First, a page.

Last week, we discussed 10 questions to ask yourself about your retirement plan. Today, we present part two: 10 questions to ask a new retirement plan provider.

As a fiduciary of your company’s plan, you are charged with selecting competent and effective service providers. We understand this can be a daunting task, which is why we’ve compiled the below list of questions you should be prepared to ask potential plan providers. And, in good faith to show Sentinel Benefits & Financial Group has nothing to hide, we’ve taken the liberty of providing you with our answers to benchmark future responses you may receive.

1. How long has your company been a retirement plan provider?

Since 1987. Read our story!

2. Do you offer recordkeeping, TPA and advisory services?

Yes. Unlike much of our competition, we are a recordkeeper, TPA and RIA.

3. Do you consider yourself a fiduciary (under the Investment Act of 1940 and ERISA) for the services you provide?

Yes. We are a CEFEX-certified firm and can serve as 3(21),  3(38) and 3(16) ERISA fiduciaries.

4. What kind of plans do you specialize in?

We do it all—401(k), 401(a), 457(b), 403(b), Profit SharingCash Balance, Defined Benefit, and Non-Qualified plans.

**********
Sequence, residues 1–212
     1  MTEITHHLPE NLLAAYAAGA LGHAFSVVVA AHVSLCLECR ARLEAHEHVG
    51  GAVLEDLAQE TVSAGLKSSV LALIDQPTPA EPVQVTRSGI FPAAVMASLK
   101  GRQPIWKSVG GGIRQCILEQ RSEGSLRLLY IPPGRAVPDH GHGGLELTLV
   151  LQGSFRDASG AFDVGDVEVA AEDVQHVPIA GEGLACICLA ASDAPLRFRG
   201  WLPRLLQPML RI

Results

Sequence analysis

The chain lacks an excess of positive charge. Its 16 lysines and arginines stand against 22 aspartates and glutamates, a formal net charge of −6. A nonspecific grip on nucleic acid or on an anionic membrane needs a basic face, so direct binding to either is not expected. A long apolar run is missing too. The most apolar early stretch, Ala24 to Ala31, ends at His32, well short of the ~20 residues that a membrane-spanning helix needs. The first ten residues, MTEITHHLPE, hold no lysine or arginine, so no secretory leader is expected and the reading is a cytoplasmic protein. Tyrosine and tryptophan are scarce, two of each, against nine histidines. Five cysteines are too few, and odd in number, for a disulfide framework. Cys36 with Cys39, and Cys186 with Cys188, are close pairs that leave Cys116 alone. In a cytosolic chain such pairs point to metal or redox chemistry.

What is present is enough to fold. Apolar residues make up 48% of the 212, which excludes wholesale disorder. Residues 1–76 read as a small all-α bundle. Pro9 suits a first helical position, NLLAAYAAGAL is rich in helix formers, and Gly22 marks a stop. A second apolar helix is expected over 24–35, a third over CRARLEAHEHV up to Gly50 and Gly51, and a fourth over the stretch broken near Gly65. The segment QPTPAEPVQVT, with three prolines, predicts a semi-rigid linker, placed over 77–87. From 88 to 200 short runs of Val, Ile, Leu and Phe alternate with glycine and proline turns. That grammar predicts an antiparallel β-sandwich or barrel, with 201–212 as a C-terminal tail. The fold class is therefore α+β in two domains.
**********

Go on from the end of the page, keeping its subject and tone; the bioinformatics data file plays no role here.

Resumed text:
5. What is the total number of employees in your organization?

200 (including 2 ERISA attorneys; 3 actuaries; 3 ERPAs; 12 accredited investment fiduciaries; 36 ASPPA-certified plan consultants; 3 CFA charterholders; and 6 CFPs)

6. How many retirement plans do you administer?


7. What is your average employee-sized client?

275. We tend to work best with companies sized 20-500 employees.

8. What are your assets under management to date?

$6.5 billion in assets under recordkeeping administration; $4.9 billion in assets under brokerage and advisory services

9. Do you offer service guarantees?

Yes. These vary based on the service(s) provided.

10. Do you provide education and investment advice to plan participants?

Yes. We ensure your employees have the information, resources and guidance to truly utilize everything your plan has to offer. 

No matter how good your retirement plan is, it won’t be effective if your employees don't know all their options.




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